NEW YORK, February 22, 2007 — Polish immigrant Piotr Kajstura was working on campus when he heard an African folktale from a fellow student at The City College of New York about magic and its uplifting effect on a group of slaves in the antebellum South.
A film major with a strong interest in magical realism, Mr. Kajstura was captivated. The tale became the inspiration for his M.F.A thesis project, “When They Could Fly,” which won the Best Short Film and Best Overall Film awards at the Texas Black Film Festival in Addison this month, beating out entries by Hollywood stars Queen Latifah, Bruce Willis and Vanessa L. Williams.
Set on a cotton plantation before the Civil War, the 28-minute period piece was shot in 18 days on location in South Carolina, and stars Nigerian-born actress Folake Olowofoyeku, a 2006 graduate of City College’s Theatre Program. Other CCNY students were involved in the project as crew members.
As one of the prizes for winning in Addison, Mr. Kajstura’s production qualified for the American Film Institute’s (AFI) Dallas International Festival, one of the biggest in the country, March 22 — April 1.
“When They Could Fly” has also earned acceptance to other leading festivals, including the Independent Black Film Festival (Atlanta), the Zion Independent Film Festival (Utah), the Arizona Black Film Showcase (Phoenix), Buffalo Niagara Film Festival and the Westchester International Film Festival (White Plains), all in March; and the California Independent Film Festival, Bare Bones International Film Festival (Oklahoma) and the 8th Annual Polish Film Festival in Los Angeles, in April.
Mr. Kajstura, who graduated in June 2006, was stunned by his film’s acclaim, which continues the recent success of City College student productions nationally.
“They had several great projects, many with over $1 million budgets and they chose mine with a budget under $50,000 — I was really surprised,” he said, noting a documentary by the rapper turned actress Queen Latifah and “My Brother,” a feature starring Vanessa L. Williams and Tatum O’Neal.
Ms. Olowofoyeku, who plays “Bella,” the female lead, said the film’s success was inspiring.
“A lot of hard work went into it,” said the Manhattan resident, whose credits include The Classical Theater of Harlem’s “Trojan Women” and HBO’s “Sex in the City.” “I for one fasted to get into character because it would be hard for anyone these days to imagine the physical and emotion burden that slaves had to endure.”
Written by Stephen Lindsey, who graduated in 2003 from CCNY’s Media and Communication Arts Department, “When They Could Fly” is about a group of slaves on a plantation. All but crushed by their condition, they find hope in a new arrival who shares a fantastic tale with the group. Can a “flying lie” bring hope and salvation to those who have none? That is the question the film poses.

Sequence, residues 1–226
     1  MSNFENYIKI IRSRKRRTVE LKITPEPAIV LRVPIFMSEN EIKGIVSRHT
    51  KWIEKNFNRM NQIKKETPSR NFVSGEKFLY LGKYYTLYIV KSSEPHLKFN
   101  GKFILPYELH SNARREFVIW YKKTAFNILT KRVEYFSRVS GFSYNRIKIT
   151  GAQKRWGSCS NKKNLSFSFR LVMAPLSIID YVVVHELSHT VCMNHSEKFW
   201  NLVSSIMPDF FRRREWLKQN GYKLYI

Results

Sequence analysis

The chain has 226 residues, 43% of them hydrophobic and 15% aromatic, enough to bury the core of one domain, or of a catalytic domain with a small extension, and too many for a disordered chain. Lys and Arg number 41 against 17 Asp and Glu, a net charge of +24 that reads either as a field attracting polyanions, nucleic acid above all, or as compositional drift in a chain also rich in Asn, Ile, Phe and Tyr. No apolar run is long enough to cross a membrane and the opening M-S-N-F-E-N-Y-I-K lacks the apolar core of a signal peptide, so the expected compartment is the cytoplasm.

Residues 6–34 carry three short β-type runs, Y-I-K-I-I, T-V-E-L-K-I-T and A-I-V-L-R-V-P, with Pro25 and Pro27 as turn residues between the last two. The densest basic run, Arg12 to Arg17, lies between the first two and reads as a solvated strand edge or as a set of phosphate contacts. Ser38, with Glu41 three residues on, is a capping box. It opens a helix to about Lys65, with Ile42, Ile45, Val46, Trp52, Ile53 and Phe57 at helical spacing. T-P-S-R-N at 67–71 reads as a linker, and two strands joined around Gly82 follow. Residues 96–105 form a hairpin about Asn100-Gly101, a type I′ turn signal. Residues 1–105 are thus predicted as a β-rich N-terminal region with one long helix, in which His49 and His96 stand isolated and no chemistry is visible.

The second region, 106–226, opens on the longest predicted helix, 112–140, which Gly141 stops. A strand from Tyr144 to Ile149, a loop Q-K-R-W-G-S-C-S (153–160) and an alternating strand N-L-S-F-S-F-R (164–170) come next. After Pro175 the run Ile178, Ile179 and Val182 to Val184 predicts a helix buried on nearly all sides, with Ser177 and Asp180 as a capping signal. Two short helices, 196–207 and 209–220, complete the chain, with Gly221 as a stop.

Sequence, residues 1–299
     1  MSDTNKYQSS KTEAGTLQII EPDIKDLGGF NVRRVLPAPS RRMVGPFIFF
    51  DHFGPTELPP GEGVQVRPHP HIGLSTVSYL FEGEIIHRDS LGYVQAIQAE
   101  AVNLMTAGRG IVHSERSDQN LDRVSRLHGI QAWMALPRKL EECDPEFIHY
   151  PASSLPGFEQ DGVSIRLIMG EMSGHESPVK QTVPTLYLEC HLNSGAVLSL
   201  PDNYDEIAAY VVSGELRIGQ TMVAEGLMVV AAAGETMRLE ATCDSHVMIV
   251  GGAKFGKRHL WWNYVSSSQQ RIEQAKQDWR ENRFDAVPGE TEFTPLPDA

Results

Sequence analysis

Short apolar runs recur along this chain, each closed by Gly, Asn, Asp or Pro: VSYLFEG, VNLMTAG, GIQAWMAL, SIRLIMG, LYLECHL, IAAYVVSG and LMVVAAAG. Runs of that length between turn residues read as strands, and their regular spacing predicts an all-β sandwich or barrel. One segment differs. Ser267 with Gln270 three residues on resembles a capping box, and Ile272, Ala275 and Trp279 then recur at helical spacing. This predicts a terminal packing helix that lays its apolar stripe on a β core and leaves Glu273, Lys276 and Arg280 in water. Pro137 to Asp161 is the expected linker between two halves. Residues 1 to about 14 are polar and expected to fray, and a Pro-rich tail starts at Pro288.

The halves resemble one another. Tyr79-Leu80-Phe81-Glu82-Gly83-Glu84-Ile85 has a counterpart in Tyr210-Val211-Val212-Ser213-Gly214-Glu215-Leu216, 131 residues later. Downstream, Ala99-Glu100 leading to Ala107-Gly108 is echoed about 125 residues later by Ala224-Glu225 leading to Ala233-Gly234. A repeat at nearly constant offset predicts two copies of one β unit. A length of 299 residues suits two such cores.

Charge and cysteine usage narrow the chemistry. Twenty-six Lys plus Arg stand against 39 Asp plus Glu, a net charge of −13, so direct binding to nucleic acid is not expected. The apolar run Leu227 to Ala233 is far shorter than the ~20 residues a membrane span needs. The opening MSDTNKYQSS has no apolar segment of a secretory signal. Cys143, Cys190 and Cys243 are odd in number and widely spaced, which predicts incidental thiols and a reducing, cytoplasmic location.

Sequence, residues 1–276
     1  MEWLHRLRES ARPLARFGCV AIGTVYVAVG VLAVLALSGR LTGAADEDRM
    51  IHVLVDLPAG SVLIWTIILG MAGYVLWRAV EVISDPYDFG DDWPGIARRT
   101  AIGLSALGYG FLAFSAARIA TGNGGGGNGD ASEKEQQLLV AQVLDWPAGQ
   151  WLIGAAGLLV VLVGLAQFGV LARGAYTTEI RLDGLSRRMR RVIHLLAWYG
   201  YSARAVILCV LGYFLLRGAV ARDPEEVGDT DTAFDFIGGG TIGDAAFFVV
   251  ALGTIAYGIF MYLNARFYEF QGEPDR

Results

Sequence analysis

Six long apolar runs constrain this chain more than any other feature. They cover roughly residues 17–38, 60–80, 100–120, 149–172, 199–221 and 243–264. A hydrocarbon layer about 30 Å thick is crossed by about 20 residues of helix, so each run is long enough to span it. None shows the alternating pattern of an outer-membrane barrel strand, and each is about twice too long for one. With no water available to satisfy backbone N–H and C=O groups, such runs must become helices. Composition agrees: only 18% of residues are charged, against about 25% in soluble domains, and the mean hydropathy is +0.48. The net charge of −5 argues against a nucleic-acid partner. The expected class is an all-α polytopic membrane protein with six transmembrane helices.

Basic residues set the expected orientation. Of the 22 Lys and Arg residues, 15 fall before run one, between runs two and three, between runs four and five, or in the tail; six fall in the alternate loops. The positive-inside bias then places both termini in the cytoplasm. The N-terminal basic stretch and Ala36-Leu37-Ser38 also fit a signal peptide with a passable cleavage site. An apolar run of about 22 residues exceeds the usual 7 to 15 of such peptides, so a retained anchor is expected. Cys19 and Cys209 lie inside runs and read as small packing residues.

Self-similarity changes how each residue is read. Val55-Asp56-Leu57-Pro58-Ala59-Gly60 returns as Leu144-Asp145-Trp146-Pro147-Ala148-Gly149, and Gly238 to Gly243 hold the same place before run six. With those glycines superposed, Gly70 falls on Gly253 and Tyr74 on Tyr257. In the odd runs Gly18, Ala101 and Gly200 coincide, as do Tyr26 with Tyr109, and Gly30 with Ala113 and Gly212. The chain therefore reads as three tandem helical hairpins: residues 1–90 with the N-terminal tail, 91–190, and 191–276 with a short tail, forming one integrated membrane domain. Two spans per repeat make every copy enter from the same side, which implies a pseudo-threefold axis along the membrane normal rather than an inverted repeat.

“The concept of people who could feel completely free by believing in their ability to perform magic caught my attention,” Mr. Kajstura said, explaining his decision to make the film.
“My interest in the story was furthered when I began to study African folklore and came to the realization that belief and fantasy can transcend a person’s mundane existence,” he added. “I then realized that this concept of escape from reality, was not an isolated idea, but was a fundamental component of human existence regardless of race, nationality or religion.”
“When They Could Fly” is Mr. Kajstura’s second award-winning effort at CCNY. Last year, the Westchester and Manhattan resident produced classmate Carmen Vidal Balanzat’s documentary “6AM,” which won a silver medal at the Student Academy Awards in Los Angeles.
Another of Mr. Kajstura’s classmates, Octavio Warnock-Graham, won the Outstanding Documentary Award at the 2006 Angelus Student Film Festival in Los Angeles with his M.F.A. thesis project “Silences.”
Mr. Kajstura credited the high quality of City College’s film program for his success and that of the School’s other student filmmakers.
“I had the support of amazing faculty including my mentor, Professor Andrzej Krakowski, Professor Christine Vachon, who’s a legendary producer and other faculty,” he said, also thanking Professors Andrea Weiss, Campbell Dalglish, Herman Lew, and Jerry Carlson.
Mr. Kajstura, a native of Krakow, Poland, came to the United States in 1992 after winning the green card lottery. Before entering City College in 2000, where he also earned his B.A. in Film in 2004, he worked at a variety of jobs, including factory worker, construction laborer, hotel room cleaner and taxi driver.
For more information on “When They Could Fly,” visit: (www.whentheycouldfly.com).
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